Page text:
This project for social housing and shops is located between the Rue Marx Dormoy and the Rue Philippe de Girard, in a heterogenous urban landscape structured by the broad railyards of the Gare du Nord and the Gare de l’Est.
The location of this lot at the northern tip of the city block generates deep and transversal geometry. The project benefits from this particular situation and uses its distinct dual addresses to orient the various uses. On the Rue Marx Dormoy, two shops ensure a continuously active ground floor. Along the Rue Philippe de Girard, access to the apartments benefits from a peaceful domestic environment.
Above, six levels contain 15 units of social housing. The building fills the entire depth of the lot, over 22 meters, and presents a façade on each of the two streets. The resulting thickness led to the creation two small courtyards, both in answer to the neighboring voids, and to provide natural light, views and cool breezes to the new apartments.
The project combines the Parisian tradition of a thick façade and an awareness of current environmental paradigms. Through the skillful manipulation of natural materials that emit very little CO2, the architects revisit a typological vocabulary and aesthetic already present in Paris. Cantilevered constructions are an integral part of Parisian architectural heritage and the building pays homage to this formal heritage.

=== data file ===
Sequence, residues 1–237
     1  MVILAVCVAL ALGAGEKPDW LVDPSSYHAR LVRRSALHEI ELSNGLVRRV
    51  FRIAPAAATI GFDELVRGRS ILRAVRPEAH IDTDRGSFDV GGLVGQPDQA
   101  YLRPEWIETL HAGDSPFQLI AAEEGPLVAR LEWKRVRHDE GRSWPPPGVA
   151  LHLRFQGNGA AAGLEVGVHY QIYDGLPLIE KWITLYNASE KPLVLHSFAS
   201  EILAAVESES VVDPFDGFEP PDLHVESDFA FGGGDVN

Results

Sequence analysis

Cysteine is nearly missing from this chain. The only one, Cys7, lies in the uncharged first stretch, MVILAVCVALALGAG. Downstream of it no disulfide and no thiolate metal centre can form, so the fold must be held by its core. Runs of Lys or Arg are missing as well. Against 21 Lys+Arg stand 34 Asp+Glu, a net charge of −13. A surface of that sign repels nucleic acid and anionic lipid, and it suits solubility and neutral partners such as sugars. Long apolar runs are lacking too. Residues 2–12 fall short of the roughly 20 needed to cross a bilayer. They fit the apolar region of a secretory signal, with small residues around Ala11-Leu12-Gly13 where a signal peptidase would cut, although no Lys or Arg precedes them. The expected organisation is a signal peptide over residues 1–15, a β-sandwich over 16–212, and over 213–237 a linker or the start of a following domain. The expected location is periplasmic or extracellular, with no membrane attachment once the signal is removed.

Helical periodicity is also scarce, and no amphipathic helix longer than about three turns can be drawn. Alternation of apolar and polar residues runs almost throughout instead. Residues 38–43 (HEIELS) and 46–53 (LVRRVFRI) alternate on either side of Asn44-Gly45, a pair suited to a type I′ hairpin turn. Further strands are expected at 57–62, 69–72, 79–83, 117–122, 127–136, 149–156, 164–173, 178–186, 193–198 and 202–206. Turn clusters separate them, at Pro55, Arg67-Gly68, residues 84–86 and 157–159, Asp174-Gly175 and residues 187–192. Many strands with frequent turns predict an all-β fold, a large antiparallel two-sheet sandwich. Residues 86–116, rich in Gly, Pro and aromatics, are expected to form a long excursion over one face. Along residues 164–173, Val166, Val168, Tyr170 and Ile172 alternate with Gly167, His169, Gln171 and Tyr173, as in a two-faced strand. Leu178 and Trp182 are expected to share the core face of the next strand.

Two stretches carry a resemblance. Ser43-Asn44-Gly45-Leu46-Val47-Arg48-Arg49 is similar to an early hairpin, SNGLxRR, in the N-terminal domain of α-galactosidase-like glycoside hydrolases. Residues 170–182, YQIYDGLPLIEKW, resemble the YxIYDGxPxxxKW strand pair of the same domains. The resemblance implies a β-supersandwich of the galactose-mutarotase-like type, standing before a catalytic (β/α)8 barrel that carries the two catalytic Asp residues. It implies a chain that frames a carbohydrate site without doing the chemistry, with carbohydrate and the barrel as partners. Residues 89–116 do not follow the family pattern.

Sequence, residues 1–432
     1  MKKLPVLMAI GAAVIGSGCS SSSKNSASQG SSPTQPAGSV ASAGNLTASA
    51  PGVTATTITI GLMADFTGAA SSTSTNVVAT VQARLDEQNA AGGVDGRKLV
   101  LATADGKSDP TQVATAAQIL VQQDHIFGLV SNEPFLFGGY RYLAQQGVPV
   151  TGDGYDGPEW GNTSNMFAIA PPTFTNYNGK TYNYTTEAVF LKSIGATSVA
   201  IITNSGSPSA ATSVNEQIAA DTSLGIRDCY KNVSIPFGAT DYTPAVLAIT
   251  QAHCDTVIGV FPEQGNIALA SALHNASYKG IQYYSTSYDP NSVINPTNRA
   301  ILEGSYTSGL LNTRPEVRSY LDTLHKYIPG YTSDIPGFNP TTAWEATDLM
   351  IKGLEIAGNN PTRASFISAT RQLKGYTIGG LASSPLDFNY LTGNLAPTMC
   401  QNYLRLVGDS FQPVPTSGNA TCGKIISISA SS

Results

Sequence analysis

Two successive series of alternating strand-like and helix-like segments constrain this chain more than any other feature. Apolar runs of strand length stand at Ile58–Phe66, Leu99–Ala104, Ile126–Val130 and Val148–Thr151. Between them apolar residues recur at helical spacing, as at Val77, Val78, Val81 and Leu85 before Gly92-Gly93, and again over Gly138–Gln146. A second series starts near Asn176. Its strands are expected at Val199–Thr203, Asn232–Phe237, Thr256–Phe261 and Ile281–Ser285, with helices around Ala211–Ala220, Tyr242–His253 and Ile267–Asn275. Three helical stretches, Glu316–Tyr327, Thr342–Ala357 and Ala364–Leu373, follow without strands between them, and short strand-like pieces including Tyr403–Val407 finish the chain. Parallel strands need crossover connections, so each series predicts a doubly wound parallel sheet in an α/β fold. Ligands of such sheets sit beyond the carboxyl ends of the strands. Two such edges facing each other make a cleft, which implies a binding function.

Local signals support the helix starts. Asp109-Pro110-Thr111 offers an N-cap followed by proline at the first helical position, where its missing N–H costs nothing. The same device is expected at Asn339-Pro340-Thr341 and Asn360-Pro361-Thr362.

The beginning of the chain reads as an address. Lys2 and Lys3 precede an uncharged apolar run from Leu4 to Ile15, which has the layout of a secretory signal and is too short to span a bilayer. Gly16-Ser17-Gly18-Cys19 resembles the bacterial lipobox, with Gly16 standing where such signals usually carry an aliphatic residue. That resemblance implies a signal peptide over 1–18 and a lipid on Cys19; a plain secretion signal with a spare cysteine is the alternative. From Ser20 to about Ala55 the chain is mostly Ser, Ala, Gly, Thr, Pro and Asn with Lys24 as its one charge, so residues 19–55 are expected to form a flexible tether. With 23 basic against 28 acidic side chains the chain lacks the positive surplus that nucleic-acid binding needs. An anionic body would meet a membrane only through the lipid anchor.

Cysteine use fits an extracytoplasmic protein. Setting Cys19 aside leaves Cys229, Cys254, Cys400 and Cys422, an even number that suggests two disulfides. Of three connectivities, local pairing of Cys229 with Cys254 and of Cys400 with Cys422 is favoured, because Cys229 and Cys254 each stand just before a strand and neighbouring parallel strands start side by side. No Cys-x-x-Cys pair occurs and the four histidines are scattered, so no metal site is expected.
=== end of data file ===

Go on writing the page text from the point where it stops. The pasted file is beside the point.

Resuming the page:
The standard floor plan is divided into three apartments, each of which are cross-ventilated and benefit from multiple orientations with openings onto the street and courtyards. The fold of the bow window takes full advantage of the living rooms, enhancing the linearity of the façade and the corner openings. The arrangement of the inner courtyards, a Parisian tradition if there ever was one, ensures natural light, additional views and an interior calmness in contrast with the surrounding dense and noisy urban environment. The planted courtyards also function as wells of coolness benefiting the surrounding apartments. Natural light is given a privileged place throughout the building, with 85% of the usable surface receiving it, and nearly every bathroom and kitchen enjoying an opening onto the courtyard.
The timber framework of the façade is composed of elements of standard sections made of pine. It rests upon the edges of the concrete slabs with a slight cantilever, which made it possible to cover the edge of the flooring and avoid thermal bridges. While the visible façades were built by implementing this construction principle, the party walls are made of pre-cast concrete. Gypsum-fiber panels are fixed to the interior side of the timber structure and serve as the back of the formwork necessary for the spraying of the hempcrete insulation.
Insulating material composed of hemp fibers and a lime binding agent, hempcrete is sprayed into the timber frameworks to a depth varying from 23 to 30 cm. This self-supporting insulation, totally rigid after the drying process, receives a finishing coat in lime. The combination of these two raw materials, one composed of fragments of soil and the other a product of the soil, results in a construction material with a very low carbon footprint. In addition to the material’s locally low carbon emissions, hempcrete also plays an important role in hydrothermal regulation.